Darwin doctor Theofilos Rigas captures the heroism of Ancient Greeks on canvas


A love of Greek history and mythology have inspired Darwin doctor Theofilos Rigas to create a series of oil paintings depicting the courage and spirit of Hellenism.

In an interview with The Greek Herald, the 25-year-old shared his passion for creating art based on reading the ancient literary works of Homer and Herodotus. He also shared his hope that his artistic portrayal of Ancient Greek heroes will ensure Greece’s history is not forgotten in a world of fast technology.

What inspires your artistic streak?

My inspiration is drawn from Greek history and myth, particularly ancient history from Achilles to Alexander and to more recent times, the Fall of Constantinople, the romance story of Erotokritos – composed by Vikentios Kornaros in the 17th century – and the Greek Revolution. Our history never ceases to inspire me!

What type of art do you do?

My art might be called imaginative realism, as it depicts subjects from my imagination, whether it be from history, mythology or my own self-invention, but I also do portraits and other subject matters.

Are there any Greek artists who have influenced you?

Inspiration from Greek Mythology.

Phidias, Polykleitos, Lysippus and many of the ancient sculptors have influenced my work. But writers – Homer, Herodotus, Arrian, Apollonius and others – have influenced my understanding of Hellenism and my art.

My greatest influence is Frank Frazetta, but Jeffrey Jones, NC Wyeth, Howard Pyle, James Allen St John and illustrators from the golden age of illustration and comic book illustrators including Bouguereau, Raphael and Caravaggio, have also influenced my work.

Is there a type of Greek art or Greek artist you admire or has influenced you in some way?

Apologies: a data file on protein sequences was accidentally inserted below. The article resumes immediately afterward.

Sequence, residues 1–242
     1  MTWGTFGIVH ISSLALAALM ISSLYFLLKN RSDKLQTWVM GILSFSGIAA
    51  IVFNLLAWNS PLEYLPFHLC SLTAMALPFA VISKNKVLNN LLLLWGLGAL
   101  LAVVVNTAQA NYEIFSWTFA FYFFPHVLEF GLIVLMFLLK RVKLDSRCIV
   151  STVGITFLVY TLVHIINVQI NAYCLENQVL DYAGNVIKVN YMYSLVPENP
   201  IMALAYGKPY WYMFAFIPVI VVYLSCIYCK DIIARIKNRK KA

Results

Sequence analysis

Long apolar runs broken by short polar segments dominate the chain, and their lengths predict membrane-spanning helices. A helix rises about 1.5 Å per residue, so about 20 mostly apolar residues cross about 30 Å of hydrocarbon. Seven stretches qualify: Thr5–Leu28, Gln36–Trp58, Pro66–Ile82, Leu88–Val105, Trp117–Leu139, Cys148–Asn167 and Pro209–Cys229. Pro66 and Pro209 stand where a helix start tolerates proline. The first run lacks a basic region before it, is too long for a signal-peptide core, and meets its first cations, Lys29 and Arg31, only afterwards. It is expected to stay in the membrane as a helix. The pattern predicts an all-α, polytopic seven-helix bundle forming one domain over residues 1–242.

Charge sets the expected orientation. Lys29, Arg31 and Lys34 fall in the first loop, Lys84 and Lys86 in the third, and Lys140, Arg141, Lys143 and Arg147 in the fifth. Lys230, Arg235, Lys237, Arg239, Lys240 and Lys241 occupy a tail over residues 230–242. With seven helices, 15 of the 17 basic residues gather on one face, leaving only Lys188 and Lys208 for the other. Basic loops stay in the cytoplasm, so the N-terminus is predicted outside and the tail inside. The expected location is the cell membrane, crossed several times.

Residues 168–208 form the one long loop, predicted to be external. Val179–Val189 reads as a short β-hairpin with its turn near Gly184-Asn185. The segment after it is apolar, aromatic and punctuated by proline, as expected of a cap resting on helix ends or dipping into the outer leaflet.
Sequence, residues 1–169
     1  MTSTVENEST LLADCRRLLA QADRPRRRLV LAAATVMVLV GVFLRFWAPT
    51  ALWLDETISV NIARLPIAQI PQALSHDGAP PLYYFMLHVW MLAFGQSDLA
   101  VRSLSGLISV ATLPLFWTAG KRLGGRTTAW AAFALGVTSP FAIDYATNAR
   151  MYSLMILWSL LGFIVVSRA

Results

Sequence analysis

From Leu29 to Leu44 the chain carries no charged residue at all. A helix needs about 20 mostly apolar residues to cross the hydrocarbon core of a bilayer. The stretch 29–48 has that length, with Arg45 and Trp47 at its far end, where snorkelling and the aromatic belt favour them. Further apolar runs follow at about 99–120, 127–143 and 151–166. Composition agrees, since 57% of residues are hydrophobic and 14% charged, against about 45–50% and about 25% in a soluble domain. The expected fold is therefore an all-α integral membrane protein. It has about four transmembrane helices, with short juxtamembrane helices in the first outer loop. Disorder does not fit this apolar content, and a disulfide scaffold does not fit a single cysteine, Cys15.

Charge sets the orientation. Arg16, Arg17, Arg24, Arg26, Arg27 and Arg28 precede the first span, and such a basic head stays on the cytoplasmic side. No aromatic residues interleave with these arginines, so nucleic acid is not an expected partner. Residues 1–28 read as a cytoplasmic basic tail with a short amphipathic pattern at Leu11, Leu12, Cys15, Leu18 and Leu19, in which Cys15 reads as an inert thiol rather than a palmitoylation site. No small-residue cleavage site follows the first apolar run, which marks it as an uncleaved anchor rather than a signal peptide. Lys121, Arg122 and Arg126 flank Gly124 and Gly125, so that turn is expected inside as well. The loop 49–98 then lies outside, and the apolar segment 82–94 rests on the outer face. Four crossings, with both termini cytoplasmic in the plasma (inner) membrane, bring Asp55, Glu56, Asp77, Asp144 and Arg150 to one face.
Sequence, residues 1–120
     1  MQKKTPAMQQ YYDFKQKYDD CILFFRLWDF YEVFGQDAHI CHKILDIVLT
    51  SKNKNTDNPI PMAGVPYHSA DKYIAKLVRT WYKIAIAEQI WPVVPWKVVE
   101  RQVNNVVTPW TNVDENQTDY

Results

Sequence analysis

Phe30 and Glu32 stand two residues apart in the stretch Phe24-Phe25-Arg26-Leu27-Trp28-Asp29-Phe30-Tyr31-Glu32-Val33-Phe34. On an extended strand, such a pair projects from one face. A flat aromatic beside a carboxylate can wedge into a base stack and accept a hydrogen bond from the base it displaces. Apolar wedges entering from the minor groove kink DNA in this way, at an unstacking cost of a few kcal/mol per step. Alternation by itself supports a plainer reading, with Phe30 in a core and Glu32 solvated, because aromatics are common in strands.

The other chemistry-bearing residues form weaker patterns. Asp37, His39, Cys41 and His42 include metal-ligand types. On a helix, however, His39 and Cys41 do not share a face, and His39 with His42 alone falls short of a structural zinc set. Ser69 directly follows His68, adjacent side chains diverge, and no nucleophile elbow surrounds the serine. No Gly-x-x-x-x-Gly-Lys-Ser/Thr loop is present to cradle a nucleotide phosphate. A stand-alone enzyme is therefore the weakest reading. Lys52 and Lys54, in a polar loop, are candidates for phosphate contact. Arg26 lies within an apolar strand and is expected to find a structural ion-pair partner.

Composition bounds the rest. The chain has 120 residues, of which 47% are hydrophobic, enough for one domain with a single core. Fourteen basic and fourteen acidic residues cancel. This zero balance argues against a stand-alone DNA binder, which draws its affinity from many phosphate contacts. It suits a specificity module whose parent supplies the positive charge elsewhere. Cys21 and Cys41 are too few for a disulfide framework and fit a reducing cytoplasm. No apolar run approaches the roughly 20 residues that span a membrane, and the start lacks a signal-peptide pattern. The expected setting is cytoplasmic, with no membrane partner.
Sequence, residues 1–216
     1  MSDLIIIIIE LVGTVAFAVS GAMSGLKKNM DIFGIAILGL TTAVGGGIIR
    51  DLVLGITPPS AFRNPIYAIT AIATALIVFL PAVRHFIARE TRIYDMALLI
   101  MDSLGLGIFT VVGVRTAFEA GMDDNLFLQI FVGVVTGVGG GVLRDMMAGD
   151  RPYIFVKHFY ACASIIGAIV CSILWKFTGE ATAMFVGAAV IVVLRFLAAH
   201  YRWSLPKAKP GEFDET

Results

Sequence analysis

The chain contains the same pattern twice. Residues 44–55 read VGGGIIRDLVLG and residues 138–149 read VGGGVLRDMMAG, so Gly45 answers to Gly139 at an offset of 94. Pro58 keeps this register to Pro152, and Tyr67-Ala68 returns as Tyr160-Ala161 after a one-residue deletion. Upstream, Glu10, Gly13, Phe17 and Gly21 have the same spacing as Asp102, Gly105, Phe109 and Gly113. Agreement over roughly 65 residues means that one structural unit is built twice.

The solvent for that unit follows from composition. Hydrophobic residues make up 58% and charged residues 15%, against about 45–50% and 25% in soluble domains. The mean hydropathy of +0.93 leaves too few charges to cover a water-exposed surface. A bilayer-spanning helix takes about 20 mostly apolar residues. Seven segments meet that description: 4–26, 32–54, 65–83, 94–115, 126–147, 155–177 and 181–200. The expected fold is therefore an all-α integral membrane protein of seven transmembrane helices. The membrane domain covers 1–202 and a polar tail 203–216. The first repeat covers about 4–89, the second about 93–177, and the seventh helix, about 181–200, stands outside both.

The depiction of human figures. I especially love the Classical and Hellenistic styles of sculptures. It’s very evident in my art as the primary subject matter.

Have you visited any art galleries in Greece?

I feel that any museum in Greece, or even any ruin I visit, could be considered an art gallery. I have visited many places in Greece of historic, cultural and artistic significance.

When did you discover your passion for art?

For as long as I can remember I’ve been doing art, I don’t remember a time I didn’t. I was about 15 years old when I started to use oil paints. Prior to that, I’d mostly do graphite drawings as well as 3D animation. Since leaving high school, I have experimented with different mediums and have been more serious about improving my technique.

When did you create your first piece and what was it?

Theo as a youngster with art he created.

My first piece was probably a very long time ago as a child.  My first serious piece and the first official start of the Greek series of oil paintings begins with The Rage of Achilles.

Is it a hobby or is it something more?

Art feels like something more than a hobby to me, it’s a very personal expression. It’s a strong passion of mine, I feel that it’s something that I am compelled to do rather than it being a choice.

What is your favourite medium to create art with?